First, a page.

Monday, May 2, 2011

Been There, Done That

Let's say you grew up on Dungeons & Dragons (or other similar role-playing games like MERP). You love that type of world and you now want to write about it. You people your world with all the elves, dwarves, goblins, trolls, and dragons that you loved so much from your gaming days. You know in advance that a lot of readers will be turned off by this, since they've seen it a few times before and these readers never like to read anything similar to what they've read previously, but you aren't worried about that because you know there are still lots of readers out there who do like these types of stories.

So, you write and you write, and eventually you finish. Then you are dismayed when all your beta readers keep telling you how so many scenes remind them of Tolkien. How can this be, you say, since you were not thinking about Lord of the Rings when you wrote your story.

Well, it's simple really. Tolkien did it all (or pretty close to it). His books were so in-depth that as far as taking a party of mixed races and having them move about on a map (in pursuit of a grand, epic adventure, naturally), you are pretty much out of luck if you don't want anyone to draw any parallels to Tolkien. Want to move from one place to another? Okay, have the characters walk. Oops, Tolkien did that. Ride horses or ponies? Check. Ride in a cart? Check.

How about you come to a river? Take a ferry across? Nope, he's done that. Find a ford? Been there, done that. Ride a boat down the river? Cross on a bridge? Check and check.

Swamps or marshes? He's done it. Forests? He's done it all. Mountains? Cross in a pass? Find an unknown path? Find caves that lead you through it? He's covered them all. You might as well just have some big eagles swoop down and pick you up, but he's done that, too. I guess you could have the characters rig up a hot air balloon to carry them across, but that, at least to me, is a more modern version of fantasy than suits my D&D-inspired tastes.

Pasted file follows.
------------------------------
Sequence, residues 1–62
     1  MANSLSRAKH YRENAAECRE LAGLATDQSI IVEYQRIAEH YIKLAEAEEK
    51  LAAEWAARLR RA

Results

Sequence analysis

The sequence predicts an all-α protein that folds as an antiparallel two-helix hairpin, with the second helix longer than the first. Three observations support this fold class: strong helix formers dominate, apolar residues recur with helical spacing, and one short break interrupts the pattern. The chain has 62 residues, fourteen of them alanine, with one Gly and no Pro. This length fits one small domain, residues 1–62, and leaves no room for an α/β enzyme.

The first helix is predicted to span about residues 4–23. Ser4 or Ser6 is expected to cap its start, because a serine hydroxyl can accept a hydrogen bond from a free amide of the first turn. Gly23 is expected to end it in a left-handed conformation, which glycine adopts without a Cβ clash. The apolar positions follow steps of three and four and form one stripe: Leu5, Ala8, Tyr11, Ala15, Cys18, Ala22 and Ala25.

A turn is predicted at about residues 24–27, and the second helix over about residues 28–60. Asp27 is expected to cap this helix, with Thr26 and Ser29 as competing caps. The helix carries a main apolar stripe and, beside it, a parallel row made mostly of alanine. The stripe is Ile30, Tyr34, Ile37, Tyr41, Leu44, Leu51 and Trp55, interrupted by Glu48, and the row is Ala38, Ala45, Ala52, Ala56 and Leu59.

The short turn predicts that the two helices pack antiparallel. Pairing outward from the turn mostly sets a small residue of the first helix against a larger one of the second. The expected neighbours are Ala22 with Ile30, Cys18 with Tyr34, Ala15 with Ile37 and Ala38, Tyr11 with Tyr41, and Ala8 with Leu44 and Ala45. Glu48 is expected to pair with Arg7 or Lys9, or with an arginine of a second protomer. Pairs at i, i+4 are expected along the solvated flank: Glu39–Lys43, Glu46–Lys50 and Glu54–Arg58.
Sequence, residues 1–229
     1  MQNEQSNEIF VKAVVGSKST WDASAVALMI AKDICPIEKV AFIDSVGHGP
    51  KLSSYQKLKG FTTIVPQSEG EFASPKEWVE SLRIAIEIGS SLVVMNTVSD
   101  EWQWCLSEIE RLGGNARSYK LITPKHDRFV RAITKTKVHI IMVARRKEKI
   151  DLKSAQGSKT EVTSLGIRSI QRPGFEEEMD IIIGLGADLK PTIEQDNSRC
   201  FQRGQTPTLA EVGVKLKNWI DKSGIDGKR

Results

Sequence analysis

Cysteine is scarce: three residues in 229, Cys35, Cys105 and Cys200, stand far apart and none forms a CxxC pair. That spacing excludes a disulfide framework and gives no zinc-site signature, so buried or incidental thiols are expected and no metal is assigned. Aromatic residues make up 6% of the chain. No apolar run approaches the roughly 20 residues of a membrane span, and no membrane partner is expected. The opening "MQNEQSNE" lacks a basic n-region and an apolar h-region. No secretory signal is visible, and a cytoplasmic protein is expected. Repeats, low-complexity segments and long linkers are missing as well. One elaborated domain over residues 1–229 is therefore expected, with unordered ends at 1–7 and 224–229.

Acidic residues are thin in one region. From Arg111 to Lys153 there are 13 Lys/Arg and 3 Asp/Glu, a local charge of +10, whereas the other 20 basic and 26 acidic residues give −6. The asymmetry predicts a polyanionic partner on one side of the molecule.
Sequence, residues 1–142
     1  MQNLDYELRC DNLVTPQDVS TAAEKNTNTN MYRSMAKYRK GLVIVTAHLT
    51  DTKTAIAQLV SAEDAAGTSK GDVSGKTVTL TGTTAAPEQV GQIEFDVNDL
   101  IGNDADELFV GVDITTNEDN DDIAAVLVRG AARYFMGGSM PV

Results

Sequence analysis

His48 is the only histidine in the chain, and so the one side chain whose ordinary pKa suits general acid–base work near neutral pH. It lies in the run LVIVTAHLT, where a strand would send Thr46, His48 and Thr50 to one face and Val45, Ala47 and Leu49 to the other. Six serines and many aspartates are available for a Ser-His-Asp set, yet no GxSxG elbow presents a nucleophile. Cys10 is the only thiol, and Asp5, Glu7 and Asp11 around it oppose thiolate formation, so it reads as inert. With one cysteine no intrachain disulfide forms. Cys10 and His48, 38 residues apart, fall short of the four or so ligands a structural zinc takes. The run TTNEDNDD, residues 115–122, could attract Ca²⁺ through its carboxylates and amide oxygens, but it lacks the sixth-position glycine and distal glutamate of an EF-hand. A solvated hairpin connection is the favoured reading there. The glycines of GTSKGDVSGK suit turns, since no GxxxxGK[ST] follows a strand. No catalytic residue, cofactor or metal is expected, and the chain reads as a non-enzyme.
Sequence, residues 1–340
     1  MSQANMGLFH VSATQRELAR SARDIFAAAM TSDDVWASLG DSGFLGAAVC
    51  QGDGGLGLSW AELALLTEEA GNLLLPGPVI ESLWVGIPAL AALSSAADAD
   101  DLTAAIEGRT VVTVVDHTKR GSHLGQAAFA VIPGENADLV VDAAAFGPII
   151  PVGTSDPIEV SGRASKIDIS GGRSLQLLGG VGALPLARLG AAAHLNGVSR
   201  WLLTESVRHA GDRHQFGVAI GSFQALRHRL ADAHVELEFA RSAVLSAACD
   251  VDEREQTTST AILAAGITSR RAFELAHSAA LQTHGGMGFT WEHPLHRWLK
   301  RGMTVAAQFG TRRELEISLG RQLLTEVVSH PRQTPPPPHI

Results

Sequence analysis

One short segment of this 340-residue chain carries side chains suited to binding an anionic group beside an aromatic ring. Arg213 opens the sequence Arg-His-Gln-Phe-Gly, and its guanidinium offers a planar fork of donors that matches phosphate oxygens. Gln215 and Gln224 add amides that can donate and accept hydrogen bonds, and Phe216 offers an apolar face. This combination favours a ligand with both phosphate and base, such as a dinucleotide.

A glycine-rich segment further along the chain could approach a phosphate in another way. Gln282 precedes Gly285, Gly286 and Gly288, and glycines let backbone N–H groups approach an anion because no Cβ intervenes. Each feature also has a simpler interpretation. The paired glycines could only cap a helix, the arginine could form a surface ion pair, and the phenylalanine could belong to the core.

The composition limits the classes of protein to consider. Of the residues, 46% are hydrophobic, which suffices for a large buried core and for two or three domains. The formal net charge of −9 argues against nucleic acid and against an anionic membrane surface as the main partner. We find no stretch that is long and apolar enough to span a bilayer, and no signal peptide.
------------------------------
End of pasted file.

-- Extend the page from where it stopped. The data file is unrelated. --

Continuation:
I got some spot-on feedback on my book recently, and I am grateful as heck for it. I will really be able to examine some scenes and figure out a way to make them a little more unique. The only way it bothered me was in knowing that I had already tried to avoid Tolkien's more famous stories, yet some scenes still reminded the reader of parts of The Hobbit or LOTR. The fact is, much of my story was inspired not by either of those books but rather by the part of Beren's story in The Silmarillion where he escapes from Dorthonian by crossing under the mountains. That piece of his story always stuck with me, because Tolkien teased us by saying that Beren endured much horror during the crossing, but he didn't go into specifics. I always wanted to do a story that dealt with an extremely hazardous crossing beneath a mountain range. I didn't intend it to be like Moria.

The problem is that there are only so many realistic variations of passages under a mountain, and Tolkien pretty much hit them all. Rough stone, worked stone, small rooms, big rooms with pillars for support, chasms, bridges...there's not much else you can realistically work with, yet Tolkien did all those.

My reader was right, though. I may not be able to avoid Tolkien altogether, but I can at least ensure that big moments of the journey don't fall within similar settings. In other words, if I currently have an important battle taking place on an underground bridge, it's probably best to move it to someplace else so it doesn't make readers think of the ending of the Fellowship movie or book. It would have been embarrassing to me to have the book published and only then to hear from readers about such similarities, since I didn't know they were there, so to this friend I say, "Thank you."

To those who would say, "Well, don't use elves and dwarves and such.", I can only respond that this is my passion. I spent years playing D&D and living within this type of world. I always rued the fact that no one was ever publishing any stories set in such a world that dealt with it in a truly serious manner. Tolkien took his world very seriously, and that's why so many love him. The official D&D or Dragonlance novels? Not serious (at least in my view).